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Am J Med. 1987 May;82(5):915-20.

American trypanosomiasis (Chagas' disease) in Central American immigrants.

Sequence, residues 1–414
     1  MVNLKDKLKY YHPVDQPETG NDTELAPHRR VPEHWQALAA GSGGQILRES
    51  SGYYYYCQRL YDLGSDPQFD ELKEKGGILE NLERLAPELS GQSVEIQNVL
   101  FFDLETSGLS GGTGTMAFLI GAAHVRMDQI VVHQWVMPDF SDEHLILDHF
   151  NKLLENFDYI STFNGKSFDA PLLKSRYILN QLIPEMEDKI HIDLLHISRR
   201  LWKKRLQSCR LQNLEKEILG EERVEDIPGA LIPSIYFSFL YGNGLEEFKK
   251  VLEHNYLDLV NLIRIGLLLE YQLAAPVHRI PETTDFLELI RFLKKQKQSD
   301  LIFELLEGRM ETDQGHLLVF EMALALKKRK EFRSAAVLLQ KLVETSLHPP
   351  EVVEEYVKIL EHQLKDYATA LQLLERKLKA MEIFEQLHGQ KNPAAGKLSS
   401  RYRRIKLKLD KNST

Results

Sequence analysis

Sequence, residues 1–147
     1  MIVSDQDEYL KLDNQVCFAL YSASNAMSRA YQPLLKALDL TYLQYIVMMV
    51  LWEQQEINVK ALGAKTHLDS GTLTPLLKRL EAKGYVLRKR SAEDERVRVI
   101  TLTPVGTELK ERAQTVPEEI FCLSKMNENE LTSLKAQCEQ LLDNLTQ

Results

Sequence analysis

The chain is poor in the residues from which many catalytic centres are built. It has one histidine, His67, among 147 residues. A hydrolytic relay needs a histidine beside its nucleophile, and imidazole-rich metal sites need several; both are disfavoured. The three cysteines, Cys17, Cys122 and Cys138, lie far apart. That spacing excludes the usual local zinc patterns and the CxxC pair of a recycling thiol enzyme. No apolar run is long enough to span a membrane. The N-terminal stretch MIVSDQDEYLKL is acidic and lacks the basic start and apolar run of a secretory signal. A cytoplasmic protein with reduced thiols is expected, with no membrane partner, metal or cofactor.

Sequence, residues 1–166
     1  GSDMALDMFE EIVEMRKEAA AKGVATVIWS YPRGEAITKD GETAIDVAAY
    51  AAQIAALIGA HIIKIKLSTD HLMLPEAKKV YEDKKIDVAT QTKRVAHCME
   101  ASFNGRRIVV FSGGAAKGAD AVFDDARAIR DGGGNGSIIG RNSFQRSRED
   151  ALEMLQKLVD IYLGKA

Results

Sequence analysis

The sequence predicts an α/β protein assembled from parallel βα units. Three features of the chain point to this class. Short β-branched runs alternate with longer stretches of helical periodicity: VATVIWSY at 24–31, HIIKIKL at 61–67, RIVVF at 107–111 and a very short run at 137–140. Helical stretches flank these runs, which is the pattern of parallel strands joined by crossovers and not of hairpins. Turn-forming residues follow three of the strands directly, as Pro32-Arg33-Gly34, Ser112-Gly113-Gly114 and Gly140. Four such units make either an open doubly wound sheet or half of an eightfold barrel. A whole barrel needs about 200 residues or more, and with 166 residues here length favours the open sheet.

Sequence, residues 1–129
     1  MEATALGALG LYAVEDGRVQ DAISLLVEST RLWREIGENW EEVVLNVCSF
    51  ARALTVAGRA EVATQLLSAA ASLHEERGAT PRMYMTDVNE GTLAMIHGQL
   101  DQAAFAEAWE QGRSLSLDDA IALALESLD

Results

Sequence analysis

A survey was conducted to determine the prevalence of infection with Trypanosoma cruzi, the protozoan etiologic agent of American trypanosomiasis (Chagas' disease), among Nicaraguan and Salvadoran immigrants living in the Washington, D.C., area. The serum samples of study subjects were tested for reactivity with T. cruzi antigens in an enzyme-linked immunosorbent assay, and also tested for antibody specific for the 72 and 90 kilodalton (kDa) surface glycoproteins of the parasite in an immunoprecipitation and electrophoresis procedure. Xenodiagnosis using reduviid bugs to detect parasites, and clinical evaluations for cardiac and gastrointestinal disease were performed in patients in whom results of both serologic tests were positive. Of 205 subjects studied, 4.9 percent were infected with T. cruzi, and parasites were isolated from 50 percent of those in whom xenodiagnosis was attempted. No significant cardiac or gastrointestinal abnormalities were detected in the six infected patients who were evaluated clinically. These findings suggest that a sizable proportion of persons in this immigrant group are infected with this organism. Thus, routine serologic testing for antibody to T. cruzi may be warranted in immigrants from these countries, especially in view of the potentially serious consequences of infection with this parasite, and also because of the risk of transmission of T. cruzi by blood transfusion.

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